How had the worm turned. Robbed of the freedom of the æther. Imprisoned to never touch the quintessence. Left to lay dormant beneath the ever increasing weight of invisible chains. The punishment was fair enough. The watcher knew he was given a very lenient sentence. After all eternity and infinity were going to be a very long wait anywhere he could be placed. This bit of community service on Ki wasn’t without it’s pleasures. The irony was because of those pleasures he was being chastised…

Pat sat waiting.

The clock on the wall had long since died, and now forever marked it’s death at one twenty-three.

It was post meridiem. The watcher knew because he had watched that last hesitant movement on August 5th as he had witnessed the first energetic second back on June 3rd one and two-thirds year ago. The time then was five seventeen post meridiem.

The uselessness of keeping “time” was as pointless as having two heads attached to one heart. When the “time” came both would get there at the same moment.

(Somewhere a small chuckle could be heard. Though the sage only wrote the story as it unfolded a turn of a phrase by his own hand could make him still giggle.)

(Old men often laugh at their own jokes while the rest of the world looks puzzled. – editor note by the author)

Left undisturbed the clock on the wall would never grow old, never change. Though the dust of ages piles up upon it face, and the corrosion of the batteries spreads to eat away within. The clock would never know or feel the changing hour

Pat was very much the same. Forever stuck at one twenty-three p.m. Physically corrupted, mentally deranged, but for the spirit always the same. Time had stopped. The movie that he saw was forever set on a loop. The actors in it always moving along, developing their character, then when the plot line needed a twist a new star would appear as the older one faded from scene.

It mattered little. The movie was set upon a continuous loop. The stage would reset, the actors would take their marks, and somewhere stage right a voice would be heard saying “Action”.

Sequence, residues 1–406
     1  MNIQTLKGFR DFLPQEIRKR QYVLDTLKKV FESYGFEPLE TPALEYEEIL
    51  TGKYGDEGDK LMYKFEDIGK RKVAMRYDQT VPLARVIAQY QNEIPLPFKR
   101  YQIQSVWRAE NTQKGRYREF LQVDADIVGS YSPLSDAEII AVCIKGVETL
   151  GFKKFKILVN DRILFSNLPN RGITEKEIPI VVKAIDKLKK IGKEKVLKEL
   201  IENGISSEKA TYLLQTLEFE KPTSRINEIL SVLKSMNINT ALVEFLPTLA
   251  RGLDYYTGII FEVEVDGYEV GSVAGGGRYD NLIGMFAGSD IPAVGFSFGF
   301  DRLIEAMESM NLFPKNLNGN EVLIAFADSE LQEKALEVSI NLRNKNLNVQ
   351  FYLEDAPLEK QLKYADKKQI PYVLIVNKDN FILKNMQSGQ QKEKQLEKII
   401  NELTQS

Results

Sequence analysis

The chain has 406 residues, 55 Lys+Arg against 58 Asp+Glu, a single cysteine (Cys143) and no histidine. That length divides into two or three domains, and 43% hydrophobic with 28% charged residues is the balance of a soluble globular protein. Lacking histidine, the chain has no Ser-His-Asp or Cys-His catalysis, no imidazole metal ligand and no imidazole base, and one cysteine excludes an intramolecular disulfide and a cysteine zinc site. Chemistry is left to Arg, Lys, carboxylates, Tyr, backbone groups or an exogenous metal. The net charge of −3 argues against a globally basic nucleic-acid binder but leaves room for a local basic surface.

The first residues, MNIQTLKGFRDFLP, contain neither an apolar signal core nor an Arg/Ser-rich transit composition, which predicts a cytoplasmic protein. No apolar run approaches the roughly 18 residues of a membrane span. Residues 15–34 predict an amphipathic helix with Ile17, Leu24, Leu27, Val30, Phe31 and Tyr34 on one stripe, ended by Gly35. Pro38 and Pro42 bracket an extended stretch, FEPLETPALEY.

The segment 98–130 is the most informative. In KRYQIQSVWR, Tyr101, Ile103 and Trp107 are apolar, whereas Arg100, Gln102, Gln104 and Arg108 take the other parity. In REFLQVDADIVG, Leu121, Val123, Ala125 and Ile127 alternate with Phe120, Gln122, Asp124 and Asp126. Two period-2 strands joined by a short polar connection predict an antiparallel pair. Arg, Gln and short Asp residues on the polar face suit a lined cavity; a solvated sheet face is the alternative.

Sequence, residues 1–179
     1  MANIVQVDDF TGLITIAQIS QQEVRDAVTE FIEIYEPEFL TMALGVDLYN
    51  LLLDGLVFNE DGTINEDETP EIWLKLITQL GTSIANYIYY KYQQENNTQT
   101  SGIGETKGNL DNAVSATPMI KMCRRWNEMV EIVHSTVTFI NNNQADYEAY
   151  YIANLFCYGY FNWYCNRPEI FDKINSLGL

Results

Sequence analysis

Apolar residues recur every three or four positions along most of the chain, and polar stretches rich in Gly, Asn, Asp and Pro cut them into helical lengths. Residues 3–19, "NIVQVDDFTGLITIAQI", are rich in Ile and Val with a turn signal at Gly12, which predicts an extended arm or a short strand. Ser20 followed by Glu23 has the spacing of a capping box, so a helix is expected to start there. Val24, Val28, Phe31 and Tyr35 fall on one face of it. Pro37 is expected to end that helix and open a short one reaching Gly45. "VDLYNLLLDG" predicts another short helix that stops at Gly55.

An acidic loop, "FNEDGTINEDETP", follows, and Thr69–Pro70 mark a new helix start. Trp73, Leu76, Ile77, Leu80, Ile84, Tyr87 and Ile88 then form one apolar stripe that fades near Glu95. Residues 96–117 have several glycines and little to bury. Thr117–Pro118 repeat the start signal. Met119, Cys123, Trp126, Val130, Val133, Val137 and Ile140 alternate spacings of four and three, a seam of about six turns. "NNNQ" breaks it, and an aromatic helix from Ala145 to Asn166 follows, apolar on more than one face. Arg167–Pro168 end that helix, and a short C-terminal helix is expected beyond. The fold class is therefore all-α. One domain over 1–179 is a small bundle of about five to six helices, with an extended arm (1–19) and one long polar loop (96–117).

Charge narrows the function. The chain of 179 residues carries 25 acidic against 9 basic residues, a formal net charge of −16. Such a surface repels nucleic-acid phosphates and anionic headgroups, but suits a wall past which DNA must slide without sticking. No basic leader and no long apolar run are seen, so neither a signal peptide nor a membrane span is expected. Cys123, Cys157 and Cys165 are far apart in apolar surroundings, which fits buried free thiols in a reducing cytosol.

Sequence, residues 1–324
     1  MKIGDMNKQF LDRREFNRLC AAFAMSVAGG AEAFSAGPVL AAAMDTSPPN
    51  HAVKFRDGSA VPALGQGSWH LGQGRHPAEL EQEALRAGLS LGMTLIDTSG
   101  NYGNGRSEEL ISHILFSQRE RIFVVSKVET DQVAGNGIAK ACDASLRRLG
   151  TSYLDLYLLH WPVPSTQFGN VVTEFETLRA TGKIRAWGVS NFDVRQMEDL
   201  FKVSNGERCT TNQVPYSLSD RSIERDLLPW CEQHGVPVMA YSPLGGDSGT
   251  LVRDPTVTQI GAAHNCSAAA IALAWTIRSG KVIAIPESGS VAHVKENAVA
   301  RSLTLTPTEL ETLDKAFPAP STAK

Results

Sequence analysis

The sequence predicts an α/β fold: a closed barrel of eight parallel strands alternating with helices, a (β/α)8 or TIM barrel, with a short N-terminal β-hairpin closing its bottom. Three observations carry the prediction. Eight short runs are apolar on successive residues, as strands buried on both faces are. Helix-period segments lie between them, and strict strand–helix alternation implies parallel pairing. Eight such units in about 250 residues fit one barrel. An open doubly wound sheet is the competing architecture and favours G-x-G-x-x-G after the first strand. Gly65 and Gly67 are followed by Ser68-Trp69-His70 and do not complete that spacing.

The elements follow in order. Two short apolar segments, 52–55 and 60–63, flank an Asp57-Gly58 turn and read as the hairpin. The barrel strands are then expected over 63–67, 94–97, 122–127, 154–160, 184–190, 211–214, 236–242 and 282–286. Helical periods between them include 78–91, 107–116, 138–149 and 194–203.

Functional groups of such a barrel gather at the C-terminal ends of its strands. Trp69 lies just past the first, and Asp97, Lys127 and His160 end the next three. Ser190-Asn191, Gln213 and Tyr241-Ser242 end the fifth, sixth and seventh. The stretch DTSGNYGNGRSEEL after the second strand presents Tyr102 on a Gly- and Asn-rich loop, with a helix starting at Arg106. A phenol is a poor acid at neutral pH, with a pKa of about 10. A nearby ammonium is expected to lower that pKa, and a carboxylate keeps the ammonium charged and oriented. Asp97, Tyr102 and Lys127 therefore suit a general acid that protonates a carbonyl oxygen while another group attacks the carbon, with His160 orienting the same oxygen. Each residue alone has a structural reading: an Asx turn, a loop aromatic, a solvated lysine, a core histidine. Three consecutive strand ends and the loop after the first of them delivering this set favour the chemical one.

Improve.

As many loops and layers of film and tape were to be used, a good actor could always improve his skill. In that one hope both the author and watcher had learned to count upon. They both had witnessed enough footage left behind in the cutting room floor.

Even now Pat knew it was time to splice, exit stage left, and in the following drop of the curtains listen to the sounds from behind the props.

Echoing footsteps upon a wooden stage.

Wednesday of the fifth month, the one hundredth forty-second day, year two thousand nineteen a.d. of the Book of Pat

The traveller gazed up at the midday sky. Overhead two blazing suns burned down to earth. This was the first time he had ever seen such an event in his lengthy lifetime. For the traveller to acknowledge that fact was a scary thing. He had thought he’d seen it all. Now here he was stranded in a reality of time that quite honestly looked to be the end for his career and the rest of creation.

The only intelligent voice in his head was uttering the word fuck, fuck, fuck. At the moment all the other voices seemed in agreement.

Fuck.

After an eternity of quietly contemplating the situation one of the voices pointed out that as the earth rotated only the larger of the two orbs seemed to move in the arc. The other seemed to become more of an oddly formed orb which reflected more than it seemed to be burning. A few other voices began to chime in with agreement, and after a lengthy discussion it was agreed that fact was true.

“So we’re good then?”asked the traveller.

“No.”said the leading authoritative voice. “It’s probably a massive meteoroid. Even the fact that there still isn’t a visible smoke trail may mean it’s further above the stratosphere than it looks. We are screwed.”

The sound of sneakers running away on smooth concrete and then the loud slamming of a metal door was what Pat heard first.

It was a familiar but funny sound to hear over the speaker system. It reminded him of his high school days and the loud racket one could hear over the public announcement system will the principal was going over the days events. Those were the glory years for sure.

On this occasion though, Pat was a good twenty years older, and working in a tower miles away from the originator of the sound. As a joke Pat was buzzed up on the speaker. A familiar voice on the other end began a rant that unless privy to the joke itself would sound very offensive to the receiving party. The joke would have been hilarious to Pat, but as fate often intervenes it was not Pat that first answered the call… It was Pat’s boss